Today I needed to do a simple thing: Combine selected values of .NET CheckListBox control into a comma separated string. I am lazy, so I decided to Google for a ready-to-use piece of code. Sure enough there’re tons of those. But all of them involve looping through control items, checking IF item is selected, then adding values.. Boring, routine stuff.
People! We live in the 21st century, age of inspiration! Uhm.. sorry, got carried away. Bottom line: I didn’t like any of those solutions and being a fan of LINQ I put together one of my own. Continue reading 'CheckListBox to comma-separated string'»
Linq2Sql has a great use of stored procedures – it converts them into methods which you can easily call using standardized .NET syntax. For example if you have SP:
ALTER PROCEDURE MyProcedure(MyParam int) ...
after dragging it into Linq2Sql designer you can call it in your .NET code like this:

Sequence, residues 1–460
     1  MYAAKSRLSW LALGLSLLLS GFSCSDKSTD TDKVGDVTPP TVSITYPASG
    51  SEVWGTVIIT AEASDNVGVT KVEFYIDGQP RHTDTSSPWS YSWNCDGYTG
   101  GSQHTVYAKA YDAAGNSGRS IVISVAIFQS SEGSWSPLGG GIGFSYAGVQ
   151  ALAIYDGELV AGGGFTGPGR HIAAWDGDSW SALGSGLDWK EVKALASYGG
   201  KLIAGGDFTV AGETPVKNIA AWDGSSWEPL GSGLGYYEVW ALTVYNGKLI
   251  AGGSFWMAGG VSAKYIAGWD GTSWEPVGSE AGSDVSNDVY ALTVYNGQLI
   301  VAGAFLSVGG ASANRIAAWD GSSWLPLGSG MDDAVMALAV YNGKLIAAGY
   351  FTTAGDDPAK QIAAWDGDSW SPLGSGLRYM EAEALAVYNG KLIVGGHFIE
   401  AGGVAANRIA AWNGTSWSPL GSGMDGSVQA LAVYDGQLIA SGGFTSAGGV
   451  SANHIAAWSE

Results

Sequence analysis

Dim aResults = MyDbContext.MyProcedure(2011)
but there are 2 caveats. Continue reading 'Stored Procedure in LINQ2SQL query'»
In the past I described how to perform string aggregates in T-SQL. In this post I will show how strings can be concatenated in LINQ.
I am using ADO.NET data table as a source for the query, but LINQ being LINQ can pull data pretty much from anything so this example can easily be adjusted.
First things first, let’s create the source. As in T-SQL post I am using ol’ faithful Northwind database and getting data from the Employees table:
Dim oConn As New SqlConnection(sMyConnStr) : oConn.Open()
Dim oComm As New SqlCommand("SELECT Country, FirstName FROM Employees ORDER BY Country, FirstName", oConn)
Dim oAd As New SqlDataAdapter(oComm) : Dim oTable As New DataTable : oAd.Fill(oTable)
This will fill the datatable with employees’ first names and countries
And now we want to group this by the country, combining first names into comma separated string. Continue reading 'String Aggregate in LINQ'»
If you’re using Infragistics classic UltraWebGrid with LoadOnDemand not set and paging enabled, getting column filters to work can be tricky. By default clicking on Filter icon will display column data from current page only, ignoring other pages. To make it work you have to take matter in your own hands – populate filter data in code.